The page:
Is your construction company in compliance with the Small Business Administration’s (“SBA’s”) limitations on subcontracting requirement? Are you positive? If you are a small business general construction contractor and you feel somewhat skittish of these types of questions, you can take some comfort in knowing that you are not alone.
The federal construction industry is undoubtedly popular. However, it is also complicated, particularly when it comes to determining whether your small business is self-performing enough work. Not knowing—at least, not with absolute certainty—whether you have subcontracted out too much work, combined with affiliation worries, makes the federal construction industry challenging and stressful for small business contractors.
Still, there may be some light at the end of the tunnel. As part of the National Defense Authorization Act for Fiscal Year 2013, Congress mandated that the SBA establish an appropriate percentage of the amount paid under construction contracts as the limit for subcontracting. Small business construction contractors should be monitoring when the new self-performance requirements will come into play and plan to help the SBA with its rules.
In their current form, the rules require general construction contractors to self-perform at least 15% of the contract, not including materials. Specialty trade contractors are required to work no less than 25%. While these percentages are low, construction prime contractors still struggle to determine compliance because they frequently must engage multiple subcontractors with various trades and disciplines and, as a result, end up performing only a fraction of the actual construction work.
It is unclear when the SBA will be issuing its proposed rule on the new subcontracting limitations for construction contracts. But when they finally do, the SBA will seek comments from the public—that means you! At that time, small business construction contractors should highlight the seasonal and fluid nature of construction work and other aspects of the industry that pose difficulties in maintaining compliance with the self-performance requirements. For instance, special trade contractors and workers on construction projects often form limited liability companies when, in actuality, they are really just one and two person shops. This creates a challenge for prime contractors seeking to track and report exactly how much work the company is performing on its own, versus that which is being subcontracted out. Whether those “employees” working through separate entities qualify as prime contractor or subcontractor employees requires an analysis of the SBA rules and Internal Revenue Service regulations.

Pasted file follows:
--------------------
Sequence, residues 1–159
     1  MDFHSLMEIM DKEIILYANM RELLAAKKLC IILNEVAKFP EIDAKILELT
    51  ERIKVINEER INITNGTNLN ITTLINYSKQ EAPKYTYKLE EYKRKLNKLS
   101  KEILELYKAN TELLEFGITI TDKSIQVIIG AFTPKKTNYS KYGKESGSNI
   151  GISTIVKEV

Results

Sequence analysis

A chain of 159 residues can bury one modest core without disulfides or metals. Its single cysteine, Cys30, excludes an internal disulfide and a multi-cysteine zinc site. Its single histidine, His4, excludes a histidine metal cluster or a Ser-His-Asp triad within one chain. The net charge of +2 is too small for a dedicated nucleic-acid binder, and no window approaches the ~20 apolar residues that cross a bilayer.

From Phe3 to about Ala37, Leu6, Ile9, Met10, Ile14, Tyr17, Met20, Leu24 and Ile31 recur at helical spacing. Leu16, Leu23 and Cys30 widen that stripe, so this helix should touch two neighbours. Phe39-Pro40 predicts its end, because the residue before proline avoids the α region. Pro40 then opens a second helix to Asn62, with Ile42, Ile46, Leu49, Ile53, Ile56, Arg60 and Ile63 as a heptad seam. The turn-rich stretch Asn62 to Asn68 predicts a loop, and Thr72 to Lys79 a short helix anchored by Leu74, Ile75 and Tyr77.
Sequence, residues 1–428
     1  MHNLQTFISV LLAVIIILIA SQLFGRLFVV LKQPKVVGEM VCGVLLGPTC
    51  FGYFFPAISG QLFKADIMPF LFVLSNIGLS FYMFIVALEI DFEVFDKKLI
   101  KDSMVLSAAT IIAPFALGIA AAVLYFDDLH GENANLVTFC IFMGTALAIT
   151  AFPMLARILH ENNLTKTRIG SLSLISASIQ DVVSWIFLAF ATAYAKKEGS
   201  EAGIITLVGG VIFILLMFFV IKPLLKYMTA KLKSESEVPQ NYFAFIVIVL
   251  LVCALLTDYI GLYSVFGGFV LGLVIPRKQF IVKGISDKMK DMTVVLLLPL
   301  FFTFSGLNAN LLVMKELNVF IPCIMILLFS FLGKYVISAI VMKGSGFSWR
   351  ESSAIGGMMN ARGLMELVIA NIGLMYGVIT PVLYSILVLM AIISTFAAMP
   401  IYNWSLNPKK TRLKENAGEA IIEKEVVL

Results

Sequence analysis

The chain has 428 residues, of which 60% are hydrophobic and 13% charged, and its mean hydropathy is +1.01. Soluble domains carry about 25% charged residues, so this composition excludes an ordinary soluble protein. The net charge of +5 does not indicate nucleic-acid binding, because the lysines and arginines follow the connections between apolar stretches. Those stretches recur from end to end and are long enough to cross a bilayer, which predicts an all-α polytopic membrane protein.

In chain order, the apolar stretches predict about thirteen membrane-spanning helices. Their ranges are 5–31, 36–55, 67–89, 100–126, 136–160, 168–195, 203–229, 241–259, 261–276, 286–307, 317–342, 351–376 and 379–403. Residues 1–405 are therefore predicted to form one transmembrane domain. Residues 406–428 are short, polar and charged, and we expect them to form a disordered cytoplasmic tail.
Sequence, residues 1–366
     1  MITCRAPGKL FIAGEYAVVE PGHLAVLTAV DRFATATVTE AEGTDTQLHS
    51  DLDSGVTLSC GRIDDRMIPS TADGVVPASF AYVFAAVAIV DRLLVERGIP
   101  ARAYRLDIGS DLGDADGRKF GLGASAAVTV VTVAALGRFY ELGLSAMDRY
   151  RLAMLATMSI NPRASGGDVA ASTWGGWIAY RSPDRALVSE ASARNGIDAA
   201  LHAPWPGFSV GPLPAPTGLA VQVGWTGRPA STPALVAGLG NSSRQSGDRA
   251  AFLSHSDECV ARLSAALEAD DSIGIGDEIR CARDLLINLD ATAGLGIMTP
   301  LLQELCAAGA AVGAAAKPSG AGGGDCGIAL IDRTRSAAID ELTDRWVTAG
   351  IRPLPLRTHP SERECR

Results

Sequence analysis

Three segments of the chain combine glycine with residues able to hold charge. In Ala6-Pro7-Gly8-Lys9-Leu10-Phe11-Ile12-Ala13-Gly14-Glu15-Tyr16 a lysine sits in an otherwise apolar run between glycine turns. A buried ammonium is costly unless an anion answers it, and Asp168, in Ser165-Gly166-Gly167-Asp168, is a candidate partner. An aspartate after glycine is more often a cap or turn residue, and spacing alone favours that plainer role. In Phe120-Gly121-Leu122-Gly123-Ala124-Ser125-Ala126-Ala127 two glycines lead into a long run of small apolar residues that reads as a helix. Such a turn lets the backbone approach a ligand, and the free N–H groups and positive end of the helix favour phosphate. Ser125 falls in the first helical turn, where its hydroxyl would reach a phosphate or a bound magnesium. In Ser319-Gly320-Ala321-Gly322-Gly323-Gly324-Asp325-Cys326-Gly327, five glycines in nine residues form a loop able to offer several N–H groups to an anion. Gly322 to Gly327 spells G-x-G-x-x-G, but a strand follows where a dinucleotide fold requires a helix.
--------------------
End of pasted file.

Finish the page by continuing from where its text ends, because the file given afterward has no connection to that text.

Importantly, the SBA recognizes that subcontractors often perform a majority of the actual construction work. This is taken into account when the SBA analyzes alleged ostensible subcontractor (affiliation) rule violations. This is why a small business prime contractor on a construction contract may delegate a significant portion of the construction work to its subcontractors and not violate the rule, provided the prime contractor retains management of the contract.
Overall, with the new subcontracting limitations for construction contracts on the horizon, small business contractors should be making their views known to government officials. They should also be working with individuals who are familiar with the SBA’s rulemaking process. And when the SBA finally seeks comments, small businesses must let their voices be heard.
About the author: Peter Ford is an associate with PilieroMazza in the Government Contracts Group. He may be reached at firstname.lastname@example.org.